FOXBOROUGH, Mass. — Quick-hit thoughts and notes around the New England Patriots and NFL:
1. Cash and cachet: Coach Bill Belichick had the cold, hard cash necessary for the Patriots to be a major player in free agency. He also had the cachet, which was an important tiebreaker in competitive bidding situations.
Some of the newest Patriots said playing for Belichick, who turns 69 in April, was a deciding factor in their coming aboard.
“I met him before coming out in the  draft and I always talked to my high school coach [Kevin Kelley] about him, and so we kind of had that mutual connection,” tight end Hunter Henry said. “Just kind of building that throughout the years; I have a ton of respect for Coach, the Patriots, and I’m excited to be under him and have him be my coach now and help me grow as a player.”
One would expect players to say nice things about their new boss, especially after Belichick backed up the Brink’s truck for many of them. There also seemed to be a level of awe.
Defensive back Jalen Mills relayed he has watched Belichick closely since before he started taking football seriously, and then shared an anecdote about one of his first meetings with him at Gillette Stadium shortly after signing.
“I was about to walk out of the cafeteria and I hear ‘Hi Jalen.’ So I turn around and it’s Coach. In my mind, I’m saying ‘this is Coach,’ but it didn’t really click it was Coach Belichick. He was saying he was happy to have me here, and I literally turned my back to him and screamed out loud, ‘This is f—ing Coach Belichick!'”
Defensive tackle Davon Godchaux called it a “no-brainer” to sign because of the scheme and “being able to be coached by arguably the greatest coach of all time.” Fellow defensive lineman Henry Anderson added he has long admired Belichick’s defense. Offensive tackle Trent Brown said upon his return to New England via a trade from the Las Vegas Raiders, “I’ve worn a lot of jerseys in my life, but I’ve never been more proud than when I put on a Patriots jersey.”
And linebacker Raekwon McMillan shared he passed on two or three other scheduled visits after meeting with Belichick at Gillette Stadium.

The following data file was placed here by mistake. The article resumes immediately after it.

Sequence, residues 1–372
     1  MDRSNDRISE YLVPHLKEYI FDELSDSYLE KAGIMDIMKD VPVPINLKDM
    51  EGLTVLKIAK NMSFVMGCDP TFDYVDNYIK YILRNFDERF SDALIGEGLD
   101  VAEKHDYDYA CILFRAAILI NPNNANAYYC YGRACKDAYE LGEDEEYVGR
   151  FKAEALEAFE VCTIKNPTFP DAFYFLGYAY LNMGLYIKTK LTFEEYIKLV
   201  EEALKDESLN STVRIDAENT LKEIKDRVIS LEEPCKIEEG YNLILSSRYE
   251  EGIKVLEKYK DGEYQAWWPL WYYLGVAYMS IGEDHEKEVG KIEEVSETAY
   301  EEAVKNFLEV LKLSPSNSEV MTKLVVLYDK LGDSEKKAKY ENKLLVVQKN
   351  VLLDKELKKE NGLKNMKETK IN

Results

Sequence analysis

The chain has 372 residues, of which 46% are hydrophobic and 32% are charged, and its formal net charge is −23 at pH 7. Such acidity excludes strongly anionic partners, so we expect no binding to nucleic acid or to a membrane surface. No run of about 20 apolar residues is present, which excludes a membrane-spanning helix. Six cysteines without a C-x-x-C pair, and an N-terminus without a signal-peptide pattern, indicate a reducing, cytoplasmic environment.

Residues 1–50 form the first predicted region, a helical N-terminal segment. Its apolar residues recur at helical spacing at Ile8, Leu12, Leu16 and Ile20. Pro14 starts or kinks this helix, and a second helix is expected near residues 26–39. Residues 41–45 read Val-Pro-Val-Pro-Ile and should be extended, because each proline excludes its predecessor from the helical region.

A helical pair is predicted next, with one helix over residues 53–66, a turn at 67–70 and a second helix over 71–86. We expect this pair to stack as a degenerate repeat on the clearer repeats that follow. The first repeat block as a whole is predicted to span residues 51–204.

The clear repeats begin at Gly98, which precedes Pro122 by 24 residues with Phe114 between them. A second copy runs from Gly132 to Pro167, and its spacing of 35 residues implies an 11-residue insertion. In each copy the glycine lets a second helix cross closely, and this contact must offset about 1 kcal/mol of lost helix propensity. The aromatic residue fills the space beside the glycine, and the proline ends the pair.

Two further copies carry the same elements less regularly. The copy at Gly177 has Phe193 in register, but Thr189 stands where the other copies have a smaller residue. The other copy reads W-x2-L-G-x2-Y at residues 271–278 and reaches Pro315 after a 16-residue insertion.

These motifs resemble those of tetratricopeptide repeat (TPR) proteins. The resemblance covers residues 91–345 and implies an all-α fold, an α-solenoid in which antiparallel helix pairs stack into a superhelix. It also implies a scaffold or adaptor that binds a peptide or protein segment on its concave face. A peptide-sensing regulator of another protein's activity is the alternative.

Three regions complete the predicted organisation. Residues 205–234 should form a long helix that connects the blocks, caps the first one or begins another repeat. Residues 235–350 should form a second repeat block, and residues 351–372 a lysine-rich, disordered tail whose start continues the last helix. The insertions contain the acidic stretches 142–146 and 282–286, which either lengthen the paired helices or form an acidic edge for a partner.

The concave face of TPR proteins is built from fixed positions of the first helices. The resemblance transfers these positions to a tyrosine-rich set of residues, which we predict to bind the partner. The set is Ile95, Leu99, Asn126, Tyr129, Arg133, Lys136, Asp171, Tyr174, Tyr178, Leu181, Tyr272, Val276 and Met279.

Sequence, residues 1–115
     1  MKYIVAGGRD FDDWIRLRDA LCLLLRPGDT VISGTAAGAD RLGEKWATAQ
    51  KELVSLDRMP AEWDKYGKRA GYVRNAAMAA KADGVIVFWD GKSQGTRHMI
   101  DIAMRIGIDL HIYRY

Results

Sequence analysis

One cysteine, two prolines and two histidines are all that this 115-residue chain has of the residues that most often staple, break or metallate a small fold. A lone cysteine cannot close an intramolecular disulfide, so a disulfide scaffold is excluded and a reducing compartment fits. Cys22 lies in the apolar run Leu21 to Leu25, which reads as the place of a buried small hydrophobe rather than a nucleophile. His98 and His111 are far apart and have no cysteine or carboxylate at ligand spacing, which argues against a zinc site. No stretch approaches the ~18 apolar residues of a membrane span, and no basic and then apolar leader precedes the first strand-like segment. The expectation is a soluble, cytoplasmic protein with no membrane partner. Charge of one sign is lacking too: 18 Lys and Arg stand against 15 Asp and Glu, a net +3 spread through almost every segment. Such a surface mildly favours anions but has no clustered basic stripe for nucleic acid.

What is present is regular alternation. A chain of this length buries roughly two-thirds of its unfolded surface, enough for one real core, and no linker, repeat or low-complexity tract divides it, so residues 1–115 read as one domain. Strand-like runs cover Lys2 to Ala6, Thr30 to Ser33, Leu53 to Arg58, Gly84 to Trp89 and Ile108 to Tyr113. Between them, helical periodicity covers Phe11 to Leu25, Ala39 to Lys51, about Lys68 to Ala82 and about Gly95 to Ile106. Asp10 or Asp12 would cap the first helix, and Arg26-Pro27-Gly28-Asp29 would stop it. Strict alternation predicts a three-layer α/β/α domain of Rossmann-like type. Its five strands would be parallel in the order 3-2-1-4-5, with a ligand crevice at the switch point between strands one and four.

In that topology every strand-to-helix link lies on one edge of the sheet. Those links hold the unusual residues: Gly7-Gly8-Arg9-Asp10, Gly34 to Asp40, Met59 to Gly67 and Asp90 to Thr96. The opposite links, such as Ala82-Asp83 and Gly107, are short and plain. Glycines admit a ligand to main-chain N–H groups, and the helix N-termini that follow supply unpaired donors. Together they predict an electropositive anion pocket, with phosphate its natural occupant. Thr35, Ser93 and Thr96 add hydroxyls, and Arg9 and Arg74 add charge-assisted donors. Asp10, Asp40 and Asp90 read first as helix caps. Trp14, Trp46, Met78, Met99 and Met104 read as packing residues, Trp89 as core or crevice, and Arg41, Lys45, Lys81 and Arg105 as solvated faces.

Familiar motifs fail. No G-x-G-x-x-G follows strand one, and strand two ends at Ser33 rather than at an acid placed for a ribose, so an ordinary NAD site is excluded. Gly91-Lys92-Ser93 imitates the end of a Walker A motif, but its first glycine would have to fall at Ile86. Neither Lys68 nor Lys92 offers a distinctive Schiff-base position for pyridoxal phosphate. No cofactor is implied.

“This opportunity couldn’t be passed up because of the prestige, being coached by some of the best coaches in the NFL,” he said. “Coach Belichick told me that he’s been watching my career. For a player, you’re talking to a Hall of Fame coach, that really inspired me.”
2. Garoppolo in 2022: Friday’s blockbuster trade in which the San Francisco 49ers moved up from the No. 12 spot in the 2021 NFL draft to No. 3 puts them right in the mix for a quarterback, and thus puts Jimmy Garoppolo on notice. The 49ers are saying they are sticking with Garoppolo in 2021, and that’s believable to me when considering they view themselves as a Super Bowl contender and wouldn’t want to turn the team over to a rookie this year. But here’s something for the Patriots to consider as they continue to search for their QB of the future: Garoppolo’s availability in 2022 just became a more likely option, so they don’t need to force anything in the draft.
Mel Kiper explains why he has the Patriots selecting Mac Jones with the No. 15 pick in the 2021 NFL draft.
3. Patricia’s impact: When Matt Patricia returned to the Patriots this offseason as an assistant to Belichick and his coaching staff, it was natural to wonder what his role would be. That should continue to evolve, but in recent weeks, he has been helping finalize contracts (his name appears on some of them) with free agents and getting involved in negotiations in certain spots as a salesman of sorts. In that sense, he truly has served as an added layer of support to Belichick.
4. Wake Forest proud of Herron: News that reserve Patriots offensive lineman Justin Herron was recognized by Tempe Police for helping to stop an alleged sexual assault in an Arizona park resonated at Wake Forest, Herron’s alma mater. Dave Clawson and his coaching staff maintain a strong connection to Herron, who set the school record for 51 starts. “Very proud of Justin. He was one of my very first recruits and he spent six years here. I got to know Justin and his family well,” Clawson told ESPN.com. “I wasn’t surprised. Justin is one of those people that if he was in that situation, there’s no doubt he would do that. To me it was one of those things like football — it’s preparation, character and opportunity. And Justin, when he has the opportunity, always does the right thing.”